Things break, things wear out, and unplanned expenditures pop up. It happens. You'll want to keep some emergency money handy for a leaky roof, clogged kitchen sink, or dripping hot water heater.
A better source of financing for home purchases is urgently needed -- and there is one.
Lost in the constant and unending stream of national headlines last week was a troubling bit of economic news that could negatively impact each and every one of us.
Since the credit crisis in 2008, lenders have made it more difficult to get a loan. If you are in the market to buy a home or refinance, you'll have three options for a mortgage.
I was listening to an interview with Tim Geithner this weekend, and after going through his new book, they asked him where he thought the economy was headed. "I don't believe forecasts," he said, which sounded smart to me.
The answer lies in a complicated web of factors that will be different for each person -- including the health of the housing market where you intend to live, your age, income and how much you can spend, how long you intend to stay in the property, your long-range financial plans and more.
Statutory language may be narrowly interpreted by courts. Federal legislation may preempt state legislation. The "third wave" of mortgage modification litigation will likely continue for some time with lenders frequently prevailing.
The Obama administration did too little, too late, to help troubled homeowners, who faced plummeting home prices and the risk of foreclosure. The most important thing they can do is get Fannie Mae and Freddie Mac to adopt principal reduction.
Fannie Mae and Freddie Mac need to be regulated properly, they need to be required to maintain sufficient capital reserves, and they need to be operated transparently. But given the current legislation, eliminating them would be reckless and foolish.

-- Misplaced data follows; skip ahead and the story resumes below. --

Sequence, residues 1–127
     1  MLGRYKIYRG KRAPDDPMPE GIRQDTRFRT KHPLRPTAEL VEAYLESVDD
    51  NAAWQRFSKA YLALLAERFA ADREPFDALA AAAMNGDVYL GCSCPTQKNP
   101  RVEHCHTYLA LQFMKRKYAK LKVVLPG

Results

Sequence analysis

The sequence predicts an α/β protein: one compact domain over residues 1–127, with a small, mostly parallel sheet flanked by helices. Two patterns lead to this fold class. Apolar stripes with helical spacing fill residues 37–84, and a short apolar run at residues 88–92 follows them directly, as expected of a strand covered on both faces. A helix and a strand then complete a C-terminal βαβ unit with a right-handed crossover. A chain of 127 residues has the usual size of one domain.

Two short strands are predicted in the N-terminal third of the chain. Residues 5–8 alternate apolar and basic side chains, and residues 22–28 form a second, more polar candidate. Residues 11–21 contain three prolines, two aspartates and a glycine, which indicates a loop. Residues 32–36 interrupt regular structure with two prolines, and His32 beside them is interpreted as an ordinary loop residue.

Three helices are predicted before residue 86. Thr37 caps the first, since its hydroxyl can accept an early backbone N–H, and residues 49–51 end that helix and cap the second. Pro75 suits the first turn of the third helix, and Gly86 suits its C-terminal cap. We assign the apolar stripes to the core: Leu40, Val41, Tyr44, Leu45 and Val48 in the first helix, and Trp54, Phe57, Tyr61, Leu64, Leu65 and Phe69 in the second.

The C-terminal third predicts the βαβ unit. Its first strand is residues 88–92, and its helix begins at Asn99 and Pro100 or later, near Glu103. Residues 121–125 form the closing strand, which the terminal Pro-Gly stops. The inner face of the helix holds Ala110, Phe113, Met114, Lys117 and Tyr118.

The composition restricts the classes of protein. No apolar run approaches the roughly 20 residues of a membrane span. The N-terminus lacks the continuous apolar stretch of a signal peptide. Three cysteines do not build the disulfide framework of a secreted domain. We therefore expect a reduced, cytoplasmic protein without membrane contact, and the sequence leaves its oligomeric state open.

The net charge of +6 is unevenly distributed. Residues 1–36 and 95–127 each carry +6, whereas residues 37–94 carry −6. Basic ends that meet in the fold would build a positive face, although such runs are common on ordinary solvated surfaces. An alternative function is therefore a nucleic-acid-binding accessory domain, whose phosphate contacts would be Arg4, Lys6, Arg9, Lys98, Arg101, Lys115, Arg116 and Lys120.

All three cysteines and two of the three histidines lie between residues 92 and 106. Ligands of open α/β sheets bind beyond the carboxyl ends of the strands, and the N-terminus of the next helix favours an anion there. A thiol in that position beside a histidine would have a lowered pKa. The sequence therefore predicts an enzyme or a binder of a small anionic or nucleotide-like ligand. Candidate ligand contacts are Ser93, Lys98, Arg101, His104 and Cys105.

Fifty years ago this summer, Congress adopted the Civil Rights Act of 1964, the first anti-discrimination law with any teeth since the end of Reconstruction. By many accounts, the Sterlings have repeatedly violated these American principles.
Some in Congress and in the administration want to do away with Fannie and Freddie and hand over their portfolio to the private banking industry, but without the previous requirements that banks do a certain amount of business with low-to-moderate income individuals.
While the spring thaw is coming later than normal in both climate and housing this year, there are new signs that the market is picking up.
Rio de Janeiro is moving forward with the expansion of land titling for its most vulnerable citizens through Minha Casa Minha Vida, the national housing program, and Morar Carioca, the city's urban upgrading program.
Each year, it seems the housing market takes on a different tone. Sometimes it's going to be a sellers' market with inflated prices and bidding wars, and sometimes a buyers' market with tons of choices and low prices.
I'm a new demographic... what I call, 'suddenly poor'... people who have had money and because of some unforeseen circumstance are now broke. Many are homeless and most are seniors. I'm on Social Security, Medicare and food stamps, which makes me a Socialist I guess. But it wasn't always like this. I used to be rich.
Currently, there are 53,000 homeless people in New York City. Twenty-two thousand of them are children. That's the highest number since the Great Depression.